Sunday, September 15, 2013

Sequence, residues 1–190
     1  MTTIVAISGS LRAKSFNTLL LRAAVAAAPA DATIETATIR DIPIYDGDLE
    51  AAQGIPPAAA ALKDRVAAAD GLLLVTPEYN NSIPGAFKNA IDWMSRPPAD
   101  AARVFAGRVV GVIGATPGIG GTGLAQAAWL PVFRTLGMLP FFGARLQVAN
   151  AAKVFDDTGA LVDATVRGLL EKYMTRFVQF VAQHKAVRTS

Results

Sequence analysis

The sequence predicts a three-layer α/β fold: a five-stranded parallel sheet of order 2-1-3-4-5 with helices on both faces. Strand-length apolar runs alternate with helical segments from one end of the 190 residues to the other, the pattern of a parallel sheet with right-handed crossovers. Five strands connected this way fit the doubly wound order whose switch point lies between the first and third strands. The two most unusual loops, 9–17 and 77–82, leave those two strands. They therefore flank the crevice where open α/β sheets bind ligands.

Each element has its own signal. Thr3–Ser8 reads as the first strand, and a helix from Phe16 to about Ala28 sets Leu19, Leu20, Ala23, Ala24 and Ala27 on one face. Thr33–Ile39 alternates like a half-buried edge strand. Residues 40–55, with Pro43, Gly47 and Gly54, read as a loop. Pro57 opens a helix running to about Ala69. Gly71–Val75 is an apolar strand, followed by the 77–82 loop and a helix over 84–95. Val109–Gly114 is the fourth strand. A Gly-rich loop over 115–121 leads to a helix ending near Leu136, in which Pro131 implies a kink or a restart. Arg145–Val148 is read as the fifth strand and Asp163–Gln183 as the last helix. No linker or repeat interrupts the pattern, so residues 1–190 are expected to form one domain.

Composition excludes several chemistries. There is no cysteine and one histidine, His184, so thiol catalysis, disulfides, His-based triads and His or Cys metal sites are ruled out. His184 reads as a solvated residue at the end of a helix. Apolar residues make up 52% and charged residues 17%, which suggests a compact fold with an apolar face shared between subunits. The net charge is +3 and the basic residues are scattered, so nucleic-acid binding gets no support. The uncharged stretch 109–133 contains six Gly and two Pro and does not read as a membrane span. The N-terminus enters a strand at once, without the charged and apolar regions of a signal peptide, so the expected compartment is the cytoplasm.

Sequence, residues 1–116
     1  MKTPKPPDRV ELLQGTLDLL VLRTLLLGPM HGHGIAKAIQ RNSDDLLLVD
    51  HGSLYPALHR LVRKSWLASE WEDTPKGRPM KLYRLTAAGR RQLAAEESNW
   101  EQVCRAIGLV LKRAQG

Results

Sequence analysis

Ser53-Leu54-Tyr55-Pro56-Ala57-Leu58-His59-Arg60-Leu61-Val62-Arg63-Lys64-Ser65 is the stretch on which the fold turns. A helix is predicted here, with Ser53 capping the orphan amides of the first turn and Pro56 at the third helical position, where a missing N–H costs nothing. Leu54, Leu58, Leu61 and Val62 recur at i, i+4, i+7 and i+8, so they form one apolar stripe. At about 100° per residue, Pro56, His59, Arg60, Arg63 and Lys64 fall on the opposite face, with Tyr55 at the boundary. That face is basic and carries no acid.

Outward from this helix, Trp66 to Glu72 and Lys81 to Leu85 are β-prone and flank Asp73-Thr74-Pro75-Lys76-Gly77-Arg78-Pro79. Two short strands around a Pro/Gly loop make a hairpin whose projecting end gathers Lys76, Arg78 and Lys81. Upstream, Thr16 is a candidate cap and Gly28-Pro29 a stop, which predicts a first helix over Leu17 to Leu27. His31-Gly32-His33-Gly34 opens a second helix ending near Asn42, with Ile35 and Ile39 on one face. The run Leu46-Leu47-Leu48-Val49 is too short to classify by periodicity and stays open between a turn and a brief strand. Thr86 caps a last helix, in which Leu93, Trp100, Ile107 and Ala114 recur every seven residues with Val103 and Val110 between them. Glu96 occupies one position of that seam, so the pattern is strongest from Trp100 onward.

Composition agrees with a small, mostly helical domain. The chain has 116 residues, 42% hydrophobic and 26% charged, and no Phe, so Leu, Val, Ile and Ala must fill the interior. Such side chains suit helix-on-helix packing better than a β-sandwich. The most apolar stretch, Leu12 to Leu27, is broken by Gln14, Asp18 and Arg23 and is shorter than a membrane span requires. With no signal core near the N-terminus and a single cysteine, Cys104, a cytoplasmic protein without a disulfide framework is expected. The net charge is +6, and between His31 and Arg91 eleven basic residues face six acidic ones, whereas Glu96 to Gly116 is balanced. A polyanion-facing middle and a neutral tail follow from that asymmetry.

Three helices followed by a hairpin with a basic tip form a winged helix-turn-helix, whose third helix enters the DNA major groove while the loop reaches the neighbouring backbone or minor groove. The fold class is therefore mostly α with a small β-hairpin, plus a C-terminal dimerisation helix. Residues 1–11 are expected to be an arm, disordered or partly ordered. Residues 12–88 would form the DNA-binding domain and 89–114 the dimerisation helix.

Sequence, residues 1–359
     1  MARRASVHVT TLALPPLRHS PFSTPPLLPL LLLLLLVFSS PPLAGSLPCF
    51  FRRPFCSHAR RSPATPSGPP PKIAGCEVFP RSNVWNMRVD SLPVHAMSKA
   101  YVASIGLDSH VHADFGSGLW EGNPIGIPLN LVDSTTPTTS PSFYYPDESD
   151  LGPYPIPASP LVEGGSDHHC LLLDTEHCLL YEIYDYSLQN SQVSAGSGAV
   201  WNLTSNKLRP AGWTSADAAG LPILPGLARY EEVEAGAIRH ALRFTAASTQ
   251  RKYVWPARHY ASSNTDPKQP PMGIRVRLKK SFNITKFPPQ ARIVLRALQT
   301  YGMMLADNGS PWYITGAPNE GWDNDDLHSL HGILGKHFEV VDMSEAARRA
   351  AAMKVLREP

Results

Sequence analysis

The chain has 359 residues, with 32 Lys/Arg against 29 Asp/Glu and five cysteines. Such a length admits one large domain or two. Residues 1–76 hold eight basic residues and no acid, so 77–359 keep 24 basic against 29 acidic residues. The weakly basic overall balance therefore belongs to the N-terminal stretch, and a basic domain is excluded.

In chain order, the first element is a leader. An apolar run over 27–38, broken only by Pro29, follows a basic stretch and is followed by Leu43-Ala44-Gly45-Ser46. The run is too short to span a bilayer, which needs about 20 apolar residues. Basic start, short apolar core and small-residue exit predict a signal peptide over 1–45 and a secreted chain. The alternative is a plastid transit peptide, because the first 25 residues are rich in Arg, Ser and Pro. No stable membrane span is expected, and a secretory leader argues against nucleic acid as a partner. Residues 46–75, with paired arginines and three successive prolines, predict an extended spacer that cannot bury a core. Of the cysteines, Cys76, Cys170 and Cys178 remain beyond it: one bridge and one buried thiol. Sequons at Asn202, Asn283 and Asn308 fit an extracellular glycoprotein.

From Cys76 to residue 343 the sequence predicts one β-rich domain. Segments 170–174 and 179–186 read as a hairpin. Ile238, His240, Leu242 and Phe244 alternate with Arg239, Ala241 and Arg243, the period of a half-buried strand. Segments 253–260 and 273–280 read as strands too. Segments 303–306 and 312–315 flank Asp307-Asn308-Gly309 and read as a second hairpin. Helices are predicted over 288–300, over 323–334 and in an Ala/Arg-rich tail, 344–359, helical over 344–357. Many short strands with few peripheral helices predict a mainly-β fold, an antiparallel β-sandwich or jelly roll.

On many holidays, it is customary to read one of the five megillos. There is always a connection between the festival and its megillah. On Sukkos we read Koheles. This megillah was written by Shlomo HaMelech and focuses on how he experienced every pleasure in this world (within the parameters of Jewish law) but discovered that it was all hevel havalim, the ultimate emptiness. The commentaries observe that the message of Koheles seems to contradict the very essence of Sukkos. This holiday is described as zman simchaseinu, even more joyous than the other festivals. Koheles, in contrast, seems anything but joyous in its stress on the meaningless of this world. What connects Sukkos and Koheles? In Darchei Mussar, Rav Yaakov Neiman, ztz”l, notes that a primary feature of Sukkos is the command to leave our permanent abode and live in a temporary dwelling. He points out that this move hardly seems conducive to joy. Leaving one’s secure, comfortable home for a flimsy, sparse sukkah sounds downright depressing. Rav Neiman explains, however, that a person can reach true happiness only when he recognizes that the pleasures of this world are illusory and provide no genuine joy or fulfillment. Exchanging the comforts of home for a sukkah facilitates this recognition. Yet why can one never attain true happiness through this-worldly pleasures? A fundamental tenet of Judaism is that a human being is composed of body and soul. Both demand satisfaction: The body seeks the physical delights of this world, whereas the soul aspires to connect to Hashem, which is possible mainly in the next world. The soul can elevate the body to the point that the body becomes subservient to the soul and facilitates its connection to Hashem. For example, if one says a blessing when he eats, he elevates this mundane, physical act to a spiritual one. However, if a person focuses on this-worldly pleasures, his soul receives no satisfaction, since its aspirations are being ignored. It follows that over- attachment to the physical world excludes the soul and therefore precludes true joy. We can now understand the connection between the joy of Sukkos and the apparent pessimism of Koheles. Shlomo HaMelech is saying that life is meaningless only when aimed at this-worldly pleasures. We see this idea in the Gemara’s discussion of a contradiction within Koheles. In the second chapter, Shlomo writes, “Joy, what does it do?” suggesting the futility of happiness. However, in the eighth chapter, he tells us, “I praised joy.” The Gemara explains that joy is praiseworthy when it involves a mitzvah and futile when it does not. In other words, happiness rooted in this world is meaningless, but the joy of spirituality is to be praised. Accordingly, Sukkos and Koheles go hand in hand. Both teach us that the only way to attain true happiness is by recognizing that this-worldly pleasures will never satisfy the soul’s yearning for Hashem. May we apply these lessons to our lives and experience the joy of Sukkos.

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